Orchard Hills is now home to a world-class training facility that ensures all emergency service personnel are prepared for whatever they may have to confront.
Fire and Rescue’s Practical Learning Environment at the Fire and Rescue NSW Emergency Services Academy looks a little like something out of a Hollywood movie set but is providing personnel with state-of-the-art simulations for hands-on training.
Some of the scenes include the rubble from a mock earthquake, car crash, a petrol station and railway line, with the most recent addition, a combustible cladding five storey block.
Inside its rooms are staged scenes for the purpose of training, which could be anything from heaters to meth labs to ensure all recruits and emergency personnel are prepared for whatever the job throws at them.
NSW Premier Gladys Berejiklian joined Minister for Police and Emergency Services David Elliott and Fire and Rescue NSW Commissioner Paul Baxter at the site to launch the newest addition of the training facility.
Ms Berejiklian said the new $19 million training facility is designed to challenge the skills of first responders to ensure they are best prepared to help the community in the event of an emergency.
“This allows our key frontline workers, Fire and Rescue as the lead agency, to get all the training they need to keep all of us safe,” she said.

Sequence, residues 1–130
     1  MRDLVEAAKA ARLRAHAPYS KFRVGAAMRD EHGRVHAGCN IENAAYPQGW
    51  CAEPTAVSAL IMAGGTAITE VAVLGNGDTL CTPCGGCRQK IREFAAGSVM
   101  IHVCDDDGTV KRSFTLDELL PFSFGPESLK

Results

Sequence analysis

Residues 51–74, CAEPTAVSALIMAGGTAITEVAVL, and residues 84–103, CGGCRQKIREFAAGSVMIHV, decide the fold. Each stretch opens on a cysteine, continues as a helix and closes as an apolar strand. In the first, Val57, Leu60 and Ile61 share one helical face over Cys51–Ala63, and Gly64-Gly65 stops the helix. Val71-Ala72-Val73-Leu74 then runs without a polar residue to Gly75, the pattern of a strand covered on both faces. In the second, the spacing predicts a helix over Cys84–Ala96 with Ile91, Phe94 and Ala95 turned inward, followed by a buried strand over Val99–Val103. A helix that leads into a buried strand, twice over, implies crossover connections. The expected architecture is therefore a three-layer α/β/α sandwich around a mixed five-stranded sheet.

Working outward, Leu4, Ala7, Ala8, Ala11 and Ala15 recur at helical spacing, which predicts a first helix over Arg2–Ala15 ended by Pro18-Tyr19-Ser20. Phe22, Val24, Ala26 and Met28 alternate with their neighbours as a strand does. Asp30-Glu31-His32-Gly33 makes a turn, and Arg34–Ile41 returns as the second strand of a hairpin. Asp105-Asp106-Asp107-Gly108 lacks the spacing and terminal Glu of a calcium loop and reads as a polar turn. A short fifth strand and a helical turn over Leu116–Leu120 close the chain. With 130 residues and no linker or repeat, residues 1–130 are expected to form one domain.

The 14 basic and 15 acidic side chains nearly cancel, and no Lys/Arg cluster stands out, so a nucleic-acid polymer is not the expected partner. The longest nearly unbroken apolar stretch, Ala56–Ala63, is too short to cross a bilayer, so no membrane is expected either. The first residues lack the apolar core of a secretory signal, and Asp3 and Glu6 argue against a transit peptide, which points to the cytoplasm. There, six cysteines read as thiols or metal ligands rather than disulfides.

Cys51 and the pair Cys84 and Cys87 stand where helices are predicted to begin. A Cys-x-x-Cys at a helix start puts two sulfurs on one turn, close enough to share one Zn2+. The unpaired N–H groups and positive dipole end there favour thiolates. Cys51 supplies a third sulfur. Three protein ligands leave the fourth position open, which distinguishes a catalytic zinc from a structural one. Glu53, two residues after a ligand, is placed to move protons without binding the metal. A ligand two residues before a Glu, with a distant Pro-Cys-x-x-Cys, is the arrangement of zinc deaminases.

“If 2020 has taught us anything, it’s that we should expect the unexpected and never assume something won’t or can’t happen and we need to be ready.”
The Practical Learning Environment’s urban search and rescue scene consists of a variety of fire and rescue scenarios as well as a live fire facility.
Mr Elliott said all emergency services agencies will have shared access to the Practical Learning Environment.
“This is now mandatory training for all those who join NSW Fire and Rescue and they will now be trained in a way we’ve never seen before,” he said.
Mr Baxter said each prop was specifically designed to enhance capabilities from fire and rescue to natural disaster and humanitarian relief.
“Within each prop there are real life scenarios from hazardous materials spills, to road crash rescues and factory fires, which will test the skills and knowledge of our firefighters,” he said.
The next phase of the project will see the construction of a residential home, a streetscape and a train station scenario for rescue demonstrations.
A graduate of Western Sydney University, Nicola Barton is a news journalist with the Western Weekender, primarily covering crime and politics.